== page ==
Daily News Editorial
Thank you, servicemen and servicewomen, for your dedication to your country. Remember them as this year’s Sweet Corn Days parade is dedicated to them.
Today we conclude our reflection on the Bill of Rights
In all criminal prosecutions, the accused shall enjoy the right to a speedy and public trial, by an impartial jury of the State and district wherein the crime shall have been committed, which district shall have been previously ascertained by law, and to be informed of the nature and cause of the accusation; to be confronted with the witnesses against him; to have compulsory process for obtaining witnesses in his favor, and to have the Assistance of Counsel for his defense.
In Suits at common law, where the value in controversy shall exceed twenty dollars, the right of trial by jury shall be preserved, and no fact tried by a jury, shall be otherwise re-examined in any Court of the United States, than according to the rules of the common law.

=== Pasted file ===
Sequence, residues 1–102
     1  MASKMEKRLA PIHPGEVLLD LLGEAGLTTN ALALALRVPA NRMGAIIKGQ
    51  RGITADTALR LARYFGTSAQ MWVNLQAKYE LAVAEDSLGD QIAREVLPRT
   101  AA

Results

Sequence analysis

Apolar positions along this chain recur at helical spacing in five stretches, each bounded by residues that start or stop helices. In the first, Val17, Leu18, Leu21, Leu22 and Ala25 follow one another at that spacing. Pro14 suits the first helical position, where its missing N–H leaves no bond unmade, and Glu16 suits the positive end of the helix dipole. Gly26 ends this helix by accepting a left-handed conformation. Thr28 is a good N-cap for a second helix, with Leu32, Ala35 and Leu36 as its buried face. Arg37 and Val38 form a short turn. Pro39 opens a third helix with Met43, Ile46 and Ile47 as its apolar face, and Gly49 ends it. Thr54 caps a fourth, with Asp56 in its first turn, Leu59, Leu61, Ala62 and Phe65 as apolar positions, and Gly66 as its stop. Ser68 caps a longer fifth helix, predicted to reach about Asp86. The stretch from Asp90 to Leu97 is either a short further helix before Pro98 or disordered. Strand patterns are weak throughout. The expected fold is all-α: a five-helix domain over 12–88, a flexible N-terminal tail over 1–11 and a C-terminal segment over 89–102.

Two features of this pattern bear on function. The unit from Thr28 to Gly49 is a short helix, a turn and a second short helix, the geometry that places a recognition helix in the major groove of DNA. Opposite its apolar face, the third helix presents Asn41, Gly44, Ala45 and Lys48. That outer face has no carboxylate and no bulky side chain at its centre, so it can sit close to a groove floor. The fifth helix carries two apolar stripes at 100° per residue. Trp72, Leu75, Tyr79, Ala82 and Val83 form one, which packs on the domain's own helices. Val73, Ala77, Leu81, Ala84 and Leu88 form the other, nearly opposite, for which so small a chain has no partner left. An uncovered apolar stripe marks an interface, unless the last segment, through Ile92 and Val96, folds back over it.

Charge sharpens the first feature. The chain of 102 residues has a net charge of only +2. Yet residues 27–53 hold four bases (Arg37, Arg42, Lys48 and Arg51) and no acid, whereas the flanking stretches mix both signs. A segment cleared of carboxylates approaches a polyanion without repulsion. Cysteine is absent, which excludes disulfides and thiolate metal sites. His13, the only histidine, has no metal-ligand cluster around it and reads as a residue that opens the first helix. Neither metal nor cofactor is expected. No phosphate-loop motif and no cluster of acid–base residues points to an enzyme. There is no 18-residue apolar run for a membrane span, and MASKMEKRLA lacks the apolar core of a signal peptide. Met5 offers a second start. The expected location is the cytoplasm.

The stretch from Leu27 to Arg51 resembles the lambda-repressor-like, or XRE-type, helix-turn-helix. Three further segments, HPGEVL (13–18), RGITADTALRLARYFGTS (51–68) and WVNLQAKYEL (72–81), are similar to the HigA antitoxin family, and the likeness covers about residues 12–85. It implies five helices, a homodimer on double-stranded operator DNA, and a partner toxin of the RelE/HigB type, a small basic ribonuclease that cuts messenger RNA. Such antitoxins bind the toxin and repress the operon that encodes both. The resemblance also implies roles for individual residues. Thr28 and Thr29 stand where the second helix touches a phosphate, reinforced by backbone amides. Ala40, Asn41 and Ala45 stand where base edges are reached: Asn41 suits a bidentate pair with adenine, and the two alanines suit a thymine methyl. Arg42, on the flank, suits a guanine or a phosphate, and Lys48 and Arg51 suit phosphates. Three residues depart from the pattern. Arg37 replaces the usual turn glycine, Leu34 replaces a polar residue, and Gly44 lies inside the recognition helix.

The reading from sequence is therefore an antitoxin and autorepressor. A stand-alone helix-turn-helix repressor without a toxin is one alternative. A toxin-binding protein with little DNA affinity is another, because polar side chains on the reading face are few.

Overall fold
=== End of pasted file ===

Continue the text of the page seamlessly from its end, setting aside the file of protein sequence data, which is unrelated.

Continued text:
Excessive bail shall not be required, nor excessive fines imposed, nor cruel and unusual punishments inflicted.
The “cruel and unusual punishment” portion of this amendment has generated the most controversy in recent years.
The enumeration in the Constitution, of certain rights, shall not be construed to deny or disparage others retained by the people.
Your rights end when the rights of others are infringed upon.
The powers not delegated to the United States by the Constitution, nor prohibited by it to the States, are reserved to the States respectively, or to the people.
This is where the concept of “states rights” comes in. Whereas federal law supercedes state law, when the federal law is silent on an issue, the states may enact the appropriate laws.
Be sure to thank the troops you see around town as today’s Sweet Corn Days Parade theme is to celebrate the return of the local National Guard troops and thank them for their service.